“To reduce the chance of ATC missing an incorrect read-back, if there is any misunderstanding, a question between crewmembers, or you’re not sure you heard the full clearance, don’t repeat what you think you heard,” Scott advised. “Ask ATC to repeat the full clearance and then read back the full clearance, including the unit of measurement for the altimeter setting.”

Scott said this will reduce the number of ATC hear-back errors. The crew may still make an error reading back, but by asking ATC to repeat the clearance, ATC will realize the clearance was not understood or well received in some way. This will naturally make ATC pay closer attention to your read-back. In some locations, ATC may ask the crew to not read back and just listen. Scott said this is unacceptable. ICAO requires that if the clearance is safety related, it must be read back.

Scott also suggested paying close attention to the individual country’s aeronautical information publication or airfield requirements as to setting QNH on the descent. In the case of the UK and Ireland, that procedure differs from the standard ICAO requirement of changing when descending through the transition level as the transition levels are so low and very close to the approach altitudes.

They want operators to change to QNH after receiving the clearance to an altitude for an approach. In one case an operator waited to switch until they arrived at the cleared altitude with QNE set. When they switched to QNH they were immediately 400 feet low and earned a level bust.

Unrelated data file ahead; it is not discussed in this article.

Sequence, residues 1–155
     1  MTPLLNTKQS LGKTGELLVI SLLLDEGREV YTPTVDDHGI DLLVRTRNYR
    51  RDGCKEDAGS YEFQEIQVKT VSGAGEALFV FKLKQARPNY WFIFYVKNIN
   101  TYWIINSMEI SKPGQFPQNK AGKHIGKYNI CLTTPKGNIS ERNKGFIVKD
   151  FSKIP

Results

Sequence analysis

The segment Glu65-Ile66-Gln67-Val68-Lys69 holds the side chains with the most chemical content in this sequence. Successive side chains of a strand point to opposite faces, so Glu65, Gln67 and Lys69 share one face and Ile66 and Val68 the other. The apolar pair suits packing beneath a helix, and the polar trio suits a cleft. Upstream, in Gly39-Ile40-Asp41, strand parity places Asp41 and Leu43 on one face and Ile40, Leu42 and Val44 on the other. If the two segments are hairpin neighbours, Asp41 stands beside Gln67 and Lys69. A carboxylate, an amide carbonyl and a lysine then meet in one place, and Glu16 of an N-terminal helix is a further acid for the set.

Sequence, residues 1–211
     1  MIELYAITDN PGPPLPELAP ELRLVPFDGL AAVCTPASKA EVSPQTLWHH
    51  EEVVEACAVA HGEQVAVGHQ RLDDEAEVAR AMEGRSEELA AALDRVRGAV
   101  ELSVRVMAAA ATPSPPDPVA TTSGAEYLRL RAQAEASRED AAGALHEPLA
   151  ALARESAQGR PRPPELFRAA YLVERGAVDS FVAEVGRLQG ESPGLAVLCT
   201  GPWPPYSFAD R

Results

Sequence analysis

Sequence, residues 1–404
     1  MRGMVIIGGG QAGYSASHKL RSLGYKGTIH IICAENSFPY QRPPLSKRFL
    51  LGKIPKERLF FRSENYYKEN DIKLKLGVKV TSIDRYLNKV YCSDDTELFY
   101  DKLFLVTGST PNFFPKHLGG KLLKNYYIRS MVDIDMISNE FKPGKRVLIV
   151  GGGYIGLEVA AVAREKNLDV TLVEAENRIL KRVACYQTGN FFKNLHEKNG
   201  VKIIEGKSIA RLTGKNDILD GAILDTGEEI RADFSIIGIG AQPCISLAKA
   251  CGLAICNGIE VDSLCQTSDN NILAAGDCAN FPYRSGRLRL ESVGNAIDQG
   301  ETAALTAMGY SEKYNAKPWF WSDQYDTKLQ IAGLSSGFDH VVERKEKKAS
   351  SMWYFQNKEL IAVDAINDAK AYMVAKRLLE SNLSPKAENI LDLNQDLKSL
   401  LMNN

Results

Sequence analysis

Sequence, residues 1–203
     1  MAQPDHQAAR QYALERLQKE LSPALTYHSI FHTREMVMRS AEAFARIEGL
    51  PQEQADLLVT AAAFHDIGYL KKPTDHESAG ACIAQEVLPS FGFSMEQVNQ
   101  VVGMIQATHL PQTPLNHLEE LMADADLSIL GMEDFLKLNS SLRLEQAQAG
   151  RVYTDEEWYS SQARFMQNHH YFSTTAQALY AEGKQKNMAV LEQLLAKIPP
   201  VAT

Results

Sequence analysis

“Probably the No. 1 issue in Irish airspace and the UK is when to set the altimeter on descent because transition altitudes levels are very low,” said Scott.

Transition altitudes in the UK and Europe can be as low as 5,000 feet, and with the transition levels published to only provide a transition layer of 1,000 feet or so, that may be problematic if the crew is behind the situation.

Pilots can also use their aircraft Ground Proximity Warning System or Terrain Avoidance Warning System Class A with simple terrain mapping displayed to maintain better situational awareness or program the flight management system to the correct transponder setting.

SNN presents a bit of a perfect storm, with lower than typical transition altitudes, a change in altitude unit of measurement and even its place in the flight sequence: at the end of a long trans-Atlantic flight.

Fatigue Guidance and Software Upgrades

Pilot fatigue is also often associated with level busts. To mitigate the risk of a fatigue-related deviation, pilots and operators should work together to implement science-based fatigue risk management strategies, including limitations on duty time, required rest periods that account for time zone crossings and even strategic inflight use of caffeine.

In addition to pilots properly implementing SOPs, air traffic control is doing its part to mitigate the impact of a level bust. Byrne explained SNN will undergo a software upgrade in 2025, which will alert ATC that an aircraft has an incorrect pressure setting.

“This software upgrade will greatly enhance our ability to prevent level busts and more importantly [controlled flight into terrain] CFITs on approach. But it is important to state, this is a mitigation that we will implement to reduce the severity of the consequences of pilot error; it will not stop pilot error, it just gives us greater ability to protect the aircraft after the error,” said Byrne. “The true solution to the problem is to stop the error to begin with.”

“While Shannon is a hot spot for level busts on approach, pilots should be particularly on guard at airports with low transition altitudes. Ireland and the UK are unusual with low transition altitudes. We don’t see that a lot of places,” said Scott.

Overall, Byrne said, the “ultimate ability and responsibility to stop these errors from occurring in the first place remains with the flight crew, through crew education and development of functional SOPs specific to oceanic travel.”